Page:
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Become a Conservancy Supporter!

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Tony Sebro speaks on stage in front of a slide comparing 1800’s Eschatology and Golden Era Hip Hop

Tony Sebro, delivering the keynote address at Copyleft Conf 2020. Photo copyright © by Remy DeCausemaker, licensed CC BY-SA

2020 has been a difficult year. We’ve all scrambled to keep ourselves and our loved-ones safe and healthy, coped with the isolation connected to lockdowns and quarantines, and dealt with the disconnection from our support networks — including friends, family and even childcare. We worried about racial equality and hope the fight for social justice will result in basic rights that everyone deserves.

Throughout all of this, Conservancy remained focused on its mission and on the free and open source software community. While cheering those working to help prevent the spread of COVID-19 and those fighting for racial equality, we know our expertise, skills, and mission can only tangentially improve those situations. While contributing where we can, we remain focused on the long-term nature of software freedom. We keep working to grow and support FOSS communities to plan for ethical technology down the road, so that software freedom can be in the service of human freedom.

We’re proud of how much we’ve been able to accomplish in the last year, even in the face of so many obstacles.

Staying Connected

We helped folks stay connected, even when travel and in-person meetings could not happen. We gathered digitally every Thursday with all who wanted to join since early March to discuss important issues or just reach out to other people who care about software freedom. The topics of these chats varied widely from helping family and friends to use FOSS tools to discussing impactful presentations concerting copyleft to how to dismantle systemic racism in free software to important software freedom policy issues like standing up to fight the DMCA.

Paying People to Work on Software Freedom

Our Outreachy internship program became even more essential during this difficult time. Everyone needs remote work now, and to learn how to effectively work remotely. This year, we achieved the most internships in a single year yet! We funded over 100 interns across two cohorts, generating new code, new documentation, and essential FOSS contributions. Outreachy also prepares its interns for remote-work careers in FOSS, providing access to opportunities after their internship is over. Since traveling is unsafe during a pandemic, interns could not use the Outreachy travel stipend for in-person conferences or events. We moved quickly to pay all 127 active travel stipends simply as additional intern bonuses, helping both current interns and many alums during this stressful time.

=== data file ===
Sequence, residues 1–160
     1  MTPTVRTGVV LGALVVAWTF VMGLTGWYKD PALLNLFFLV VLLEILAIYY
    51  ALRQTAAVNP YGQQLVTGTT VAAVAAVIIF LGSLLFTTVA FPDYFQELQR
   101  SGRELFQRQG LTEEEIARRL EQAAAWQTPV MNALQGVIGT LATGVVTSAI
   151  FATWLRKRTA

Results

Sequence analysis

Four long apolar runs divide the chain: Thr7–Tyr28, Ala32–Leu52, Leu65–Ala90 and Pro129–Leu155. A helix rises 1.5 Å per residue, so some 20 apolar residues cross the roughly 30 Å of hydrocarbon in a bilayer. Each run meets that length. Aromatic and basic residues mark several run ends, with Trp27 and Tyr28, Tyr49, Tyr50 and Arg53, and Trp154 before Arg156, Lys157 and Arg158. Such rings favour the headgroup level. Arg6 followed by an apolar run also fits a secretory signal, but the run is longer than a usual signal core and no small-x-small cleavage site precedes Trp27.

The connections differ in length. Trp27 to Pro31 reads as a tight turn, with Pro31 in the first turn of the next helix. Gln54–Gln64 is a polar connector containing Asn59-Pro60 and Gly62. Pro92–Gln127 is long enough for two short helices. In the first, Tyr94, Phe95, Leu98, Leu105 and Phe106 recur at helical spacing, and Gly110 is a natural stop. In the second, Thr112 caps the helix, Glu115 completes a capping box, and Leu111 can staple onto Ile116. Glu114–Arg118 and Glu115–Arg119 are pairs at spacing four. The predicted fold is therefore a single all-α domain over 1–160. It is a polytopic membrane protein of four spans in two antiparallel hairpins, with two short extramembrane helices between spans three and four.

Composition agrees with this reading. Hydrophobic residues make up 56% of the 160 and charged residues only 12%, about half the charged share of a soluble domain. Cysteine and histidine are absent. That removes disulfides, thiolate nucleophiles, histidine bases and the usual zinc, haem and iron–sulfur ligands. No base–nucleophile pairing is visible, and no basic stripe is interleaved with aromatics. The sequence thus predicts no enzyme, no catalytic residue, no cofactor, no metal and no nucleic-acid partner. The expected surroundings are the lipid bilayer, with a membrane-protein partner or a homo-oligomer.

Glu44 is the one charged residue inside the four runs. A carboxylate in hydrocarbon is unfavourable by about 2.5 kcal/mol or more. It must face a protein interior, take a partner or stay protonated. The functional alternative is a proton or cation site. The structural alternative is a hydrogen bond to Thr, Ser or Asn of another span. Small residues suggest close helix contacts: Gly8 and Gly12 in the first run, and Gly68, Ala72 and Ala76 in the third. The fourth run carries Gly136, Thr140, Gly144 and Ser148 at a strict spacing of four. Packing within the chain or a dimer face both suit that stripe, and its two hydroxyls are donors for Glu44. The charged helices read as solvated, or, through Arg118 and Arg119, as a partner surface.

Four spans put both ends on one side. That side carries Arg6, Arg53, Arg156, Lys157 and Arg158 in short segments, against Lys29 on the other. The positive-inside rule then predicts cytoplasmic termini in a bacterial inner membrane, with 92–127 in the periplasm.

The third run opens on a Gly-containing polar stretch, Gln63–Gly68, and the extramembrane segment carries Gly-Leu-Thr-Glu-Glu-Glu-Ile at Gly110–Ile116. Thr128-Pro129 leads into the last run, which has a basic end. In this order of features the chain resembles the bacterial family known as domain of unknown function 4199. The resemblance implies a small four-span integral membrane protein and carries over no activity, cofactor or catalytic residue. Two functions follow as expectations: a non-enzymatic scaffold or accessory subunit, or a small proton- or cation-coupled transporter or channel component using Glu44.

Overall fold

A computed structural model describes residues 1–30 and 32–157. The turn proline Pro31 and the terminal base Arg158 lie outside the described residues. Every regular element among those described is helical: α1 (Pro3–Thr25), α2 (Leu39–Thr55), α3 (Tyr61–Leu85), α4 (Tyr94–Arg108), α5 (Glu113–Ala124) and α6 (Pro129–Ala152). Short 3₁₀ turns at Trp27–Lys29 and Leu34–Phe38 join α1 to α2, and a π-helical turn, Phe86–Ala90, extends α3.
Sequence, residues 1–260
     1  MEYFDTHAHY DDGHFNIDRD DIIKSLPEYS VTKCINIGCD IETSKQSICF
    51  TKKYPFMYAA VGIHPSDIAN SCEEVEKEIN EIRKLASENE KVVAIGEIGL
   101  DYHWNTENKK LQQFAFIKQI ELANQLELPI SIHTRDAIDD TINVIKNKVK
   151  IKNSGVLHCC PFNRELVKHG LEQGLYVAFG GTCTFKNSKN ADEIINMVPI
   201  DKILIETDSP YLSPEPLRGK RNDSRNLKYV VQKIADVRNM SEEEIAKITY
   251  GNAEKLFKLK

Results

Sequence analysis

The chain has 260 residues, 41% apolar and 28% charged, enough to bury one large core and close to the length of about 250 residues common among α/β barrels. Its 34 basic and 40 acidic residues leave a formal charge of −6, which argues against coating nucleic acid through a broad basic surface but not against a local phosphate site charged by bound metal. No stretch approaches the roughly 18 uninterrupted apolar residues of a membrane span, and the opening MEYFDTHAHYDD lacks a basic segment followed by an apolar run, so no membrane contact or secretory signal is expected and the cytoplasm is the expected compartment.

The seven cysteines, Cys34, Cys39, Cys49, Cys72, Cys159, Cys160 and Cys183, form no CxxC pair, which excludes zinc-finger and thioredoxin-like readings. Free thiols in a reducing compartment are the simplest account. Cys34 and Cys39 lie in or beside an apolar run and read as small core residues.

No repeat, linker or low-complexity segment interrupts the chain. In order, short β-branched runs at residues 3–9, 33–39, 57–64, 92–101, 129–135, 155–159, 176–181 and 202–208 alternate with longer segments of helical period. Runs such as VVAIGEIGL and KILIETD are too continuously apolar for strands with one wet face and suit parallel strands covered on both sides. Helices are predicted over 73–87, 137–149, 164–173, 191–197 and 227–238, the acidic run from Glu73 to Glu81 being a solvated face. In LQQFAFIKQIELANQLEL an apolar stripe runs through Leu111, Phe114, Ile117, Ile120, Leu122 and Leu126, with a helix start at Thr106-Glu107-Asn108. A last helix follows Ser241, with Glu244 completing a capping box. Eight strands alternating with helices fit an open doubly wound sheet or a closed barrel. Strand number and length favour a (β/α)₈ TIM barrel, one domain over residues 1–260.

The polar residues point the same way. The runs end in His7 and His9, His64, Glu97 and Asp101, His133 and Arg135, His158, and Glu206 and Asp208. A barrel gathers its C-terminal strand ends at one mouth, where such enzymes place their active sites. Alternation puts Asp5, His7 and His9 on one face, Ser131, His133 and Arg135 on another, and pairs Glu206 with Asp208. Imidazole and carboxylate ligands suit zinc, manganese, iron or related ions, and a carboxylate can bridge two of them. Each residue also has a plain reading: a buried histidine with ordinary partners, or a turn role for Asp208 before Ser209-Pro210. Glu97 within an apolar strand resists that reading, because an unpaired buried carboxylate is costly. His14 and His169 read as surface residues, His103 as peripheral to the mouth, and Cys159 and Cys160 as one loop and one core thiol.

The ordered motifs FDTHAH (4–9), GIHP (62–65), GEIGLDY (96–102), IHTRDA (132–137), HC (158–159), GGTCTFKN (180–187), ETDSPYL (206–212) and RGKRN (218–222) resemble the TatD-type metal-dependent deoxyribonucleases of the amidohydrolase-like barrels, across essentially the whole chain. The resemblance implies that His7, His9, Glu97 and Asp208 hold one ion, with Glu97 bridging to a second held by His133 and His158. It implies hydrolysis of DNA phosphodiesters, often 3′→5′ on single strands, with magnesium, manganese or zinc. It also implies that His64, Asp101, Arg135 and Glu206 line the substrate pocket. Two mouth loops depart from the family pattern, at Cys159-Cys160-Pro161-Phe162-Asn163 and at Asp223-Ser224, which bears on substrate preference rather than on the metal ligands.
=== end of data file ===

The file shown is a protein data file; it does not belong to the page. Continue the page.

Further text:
We hear the news consistently that this pandemic has hit underrepresented groups harder for the same reasons of systemic bias that we’ve talked about for years in Outreachy. We’ve worked to make the program more stable and to diversify its funding so that we can support even more internships going forward. We’re proud to help in our own small way.

It’s not just interns we fund. Overall, Conservancy funded 27 contractors for a total of about $650,000 and 16 grantees about $100,000 in the last 12 months. That’s three-quarters of a million dollars of funded FOSS work for the public good in just one year! And along with our internships, we spent a total of $1.5 million! The contractors spanned 15 projects and accomplished some impressive work. Our contractors report publicly on their work and you can see the Reproducible Builds team helping us know we can rely on the software we use, the Outreachy team organizing the complex and resource intensive internship program, phpMyAdmin continuing their longstanding work to maintain and improve one of the most popular MySQL administration tools and the Godot team as they work to make the best game engine ever.